The story kicks into higher and higher gear, and Porter has her characters grapple with their responsibilities to revolution in each of their capacities. Beatrice, as a chef in a society that marginalizes food, is inherently revolutionary—yet how much is she willing to risk as more and more people protest her proclivity? Reiko has put so much of her energy into creating a sham of a life so real that she has practically become that person, and when she sees her facade in danger of cracking, she has to choose—will she give in, continue being complicit in the literal rising floodwaters that threaten people she grew up with, just because it means an easier life for her personally? Or will she find a way to act?
Reiko’s journey in particular is interesting because, unlike Beatrice, she is not always a likeable character (though I would argue she is usually still sympathetic). I really like how Porter illustrates that oppressed people are not always going to be heroes. Plenty of oppressed people collaborate, oppress others, lash out, or simply try to survive even if that means propping up the system that oppresses them. At the same time, as Porter demonstrates through Reiko, such people always still have the capability to surprise you. We contain multitudes.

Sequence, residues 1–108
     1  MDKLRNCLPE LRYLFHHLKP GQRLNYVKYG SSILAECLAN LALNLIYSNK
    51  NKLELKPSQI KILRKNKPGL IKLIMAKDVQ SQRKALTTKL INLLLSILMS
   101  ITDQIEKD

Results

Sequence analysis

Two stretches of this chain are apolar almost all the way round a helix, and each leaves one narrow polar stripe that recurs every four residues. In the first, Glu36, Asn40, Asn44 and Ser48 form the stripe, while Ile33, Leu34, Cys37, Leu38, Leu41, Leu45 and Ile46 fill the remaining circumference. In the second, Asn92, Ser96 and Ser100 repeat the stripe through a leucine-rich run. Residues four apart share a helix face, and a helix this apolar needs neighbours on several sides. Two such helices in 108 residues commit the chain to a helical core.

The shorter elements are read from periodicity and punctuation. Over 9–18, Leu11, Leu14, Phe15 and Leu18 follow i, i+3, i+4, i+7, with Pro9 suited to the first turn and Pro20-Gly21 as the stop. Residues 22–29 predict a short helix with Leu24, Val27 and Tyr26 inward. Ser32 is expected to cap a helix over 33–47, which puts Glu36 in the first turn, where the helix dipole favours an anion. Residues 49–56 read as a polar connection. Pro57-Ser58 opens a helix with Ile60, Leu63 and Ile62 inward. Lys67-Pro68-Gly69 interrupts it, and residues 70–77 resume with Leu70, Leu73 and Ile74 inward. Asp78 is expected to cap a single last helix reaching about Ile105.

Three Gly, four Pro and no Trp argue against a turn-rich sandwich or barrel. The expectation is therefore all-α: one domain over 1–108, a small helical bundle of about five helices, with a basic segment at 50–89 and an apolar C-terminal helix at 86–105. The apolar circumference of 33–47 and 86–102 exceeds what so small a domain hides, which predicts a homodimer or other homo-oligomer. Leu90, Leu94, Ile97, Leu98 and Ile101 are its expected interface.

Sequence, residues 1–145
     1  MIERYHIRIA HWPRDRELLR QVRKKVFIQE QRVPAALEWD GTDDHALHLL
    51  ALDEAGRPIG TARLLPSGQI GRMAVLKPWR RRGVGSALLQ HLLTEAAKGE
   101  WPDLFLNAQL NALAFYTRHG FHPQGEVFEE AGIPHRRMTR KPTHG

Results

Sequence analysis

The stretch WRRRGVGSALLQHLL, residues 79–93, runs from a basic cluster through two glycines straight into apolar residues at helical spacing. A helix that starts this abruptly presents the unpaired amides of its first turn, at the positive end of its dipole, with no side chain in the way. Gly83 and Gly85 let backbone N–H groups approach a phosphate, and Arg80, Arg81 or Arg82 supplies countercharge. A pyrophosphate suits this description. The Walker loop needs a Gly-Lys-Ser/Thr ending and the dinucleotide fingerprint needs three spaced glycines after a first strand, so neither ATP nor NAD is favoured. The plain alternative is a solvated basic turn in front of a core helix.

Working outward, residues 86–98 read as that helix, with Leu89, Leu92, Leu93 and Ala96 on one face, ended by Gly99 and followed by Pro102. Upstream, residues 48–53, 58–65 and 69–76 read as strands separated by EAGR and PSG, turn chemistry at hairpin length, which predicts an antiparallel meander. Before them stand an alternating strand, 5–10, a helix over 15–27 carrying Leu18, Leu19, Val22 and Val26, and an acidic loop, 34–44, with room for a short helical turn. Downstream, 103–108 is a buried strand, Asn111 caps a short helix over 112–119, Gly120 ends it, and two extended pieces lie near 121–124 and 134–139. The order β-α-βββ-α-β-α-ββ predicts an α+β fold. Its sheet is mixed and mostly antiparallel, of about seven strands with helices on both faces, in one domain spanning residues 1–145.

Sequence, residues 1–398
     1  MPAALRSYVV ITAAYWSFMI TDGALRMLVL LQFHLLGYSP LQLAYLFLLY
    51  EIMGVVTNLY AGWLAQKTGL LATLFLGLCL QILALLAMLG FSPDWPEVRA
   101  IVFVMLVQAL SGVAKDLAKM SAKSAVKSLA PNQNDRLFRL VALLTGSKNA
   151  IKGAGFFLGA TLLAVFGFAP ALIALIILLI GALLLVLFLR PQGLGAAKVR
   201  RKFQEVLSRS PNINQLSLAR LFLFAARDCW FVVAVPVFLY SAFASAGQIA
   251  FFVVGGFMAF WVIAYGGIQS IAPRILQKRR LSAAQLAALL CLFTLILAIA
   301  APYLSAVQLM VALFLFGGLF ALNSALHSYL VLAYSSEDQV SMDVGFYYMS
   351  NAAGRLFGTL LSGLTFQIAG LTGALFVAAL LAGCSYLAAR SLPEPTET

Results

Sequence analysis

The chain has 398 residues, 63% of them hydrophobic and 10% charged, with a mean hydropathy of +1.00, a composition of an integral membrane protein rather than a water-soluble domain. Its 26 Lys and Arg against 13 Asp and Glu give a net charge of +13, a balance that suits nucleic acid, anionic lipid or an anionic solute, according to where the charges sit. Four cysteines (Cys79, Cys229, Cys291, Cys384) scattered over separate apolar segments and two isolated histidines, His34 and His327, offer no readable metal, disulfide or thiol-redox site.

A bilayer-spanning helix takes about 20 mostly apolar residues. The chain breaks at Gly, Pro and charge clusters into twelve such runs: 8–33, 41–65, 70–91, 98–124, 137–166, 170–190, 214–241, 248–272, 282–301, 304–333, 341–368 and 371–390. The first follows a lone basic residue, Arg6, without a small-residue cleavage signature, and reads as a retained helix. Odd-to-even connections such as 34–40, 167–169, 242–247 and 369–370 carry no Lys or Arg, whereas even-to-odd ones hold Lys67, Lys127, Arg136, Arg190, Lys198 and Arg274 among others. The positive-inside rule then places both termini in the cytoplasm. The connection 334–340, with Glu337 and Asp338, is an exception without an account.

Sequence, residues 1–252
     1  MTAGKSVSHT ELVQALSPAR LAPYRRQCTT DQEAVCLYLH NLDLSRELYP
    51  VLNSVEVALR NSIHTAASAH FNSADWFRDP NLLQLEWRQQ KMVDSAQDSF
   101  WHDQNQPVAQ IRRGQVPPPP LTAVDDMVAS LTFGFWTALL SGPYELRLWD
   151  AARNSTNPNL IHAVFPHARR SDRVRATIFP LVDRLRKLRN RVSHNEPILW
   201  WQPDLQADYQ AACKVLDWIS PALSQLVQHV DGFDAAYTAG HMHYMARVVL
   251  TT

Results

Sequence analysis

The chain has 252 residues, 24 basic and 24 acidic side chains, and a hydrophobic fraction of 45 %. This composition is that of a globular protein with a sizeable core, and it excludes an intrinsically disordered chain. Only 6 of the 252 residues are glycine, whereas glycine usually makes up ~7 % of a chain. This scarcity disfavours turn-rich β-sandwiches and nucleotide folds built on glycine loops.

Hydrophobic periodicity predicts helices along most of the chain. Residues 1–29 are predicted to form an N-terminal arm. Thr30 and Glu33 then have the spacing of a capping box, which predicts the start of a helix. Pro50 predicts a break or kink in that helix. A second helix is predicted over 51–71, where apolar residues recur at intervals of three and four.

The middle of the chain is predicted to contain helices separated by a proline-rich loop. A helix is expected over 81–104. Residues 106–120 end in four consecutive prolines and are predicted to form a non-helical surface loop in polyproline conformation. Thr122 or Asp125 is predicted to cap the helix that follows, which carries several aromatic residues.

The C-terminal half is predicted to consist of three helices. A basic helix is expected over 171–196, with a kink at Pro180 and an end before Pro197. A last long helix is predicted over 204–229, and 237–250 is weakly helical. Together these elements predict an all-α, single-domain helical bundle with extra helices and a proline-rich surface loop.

I also adored the worldbuilding in this novel, the way that Porter hints at a whole history that we never truly explore. Is this set in a far future Earth (but it has two moons??)? A planet colonized by our distant descendants? Just a different world entirely? In the end the answers don’t matter—this is set dressing, there to help us understand the allegory that Porter wants to tell.
Then there is the story-within-the-story of the kitchen maid. Chapters interspersed between Beatrice and Reiko’s narratives tell us of what happens to the maid and her romance with a king. It’s sweet. It’s a fairy tale too—I think its happy ending is meant to contrast the uncertainty of Beatrice and Reiko’s fates. Stories get wrapped up neatly, whereas real life is seldom so obliging. Beatrice will continue to take leaps of faith, not knowing where she will land. Reiko must reckon with her divided loyalties, her heritage, her desire for a safety that can only ever be illusory.
When you get right down to it, The Thick and the Lean is about the price of happiness. What would you do? Would you leave behind your family and all that you know? Would you steal? Kill? Betray? What does happiness even look like in a society that is antagonistic to your very being? (Oof, that last question hit home for me.)
I’m really happy I picked up this novel. The title and description initially turned me off, yet the author and the first few chapters were enough to change my mind. I will read more of Chana Porter when I can.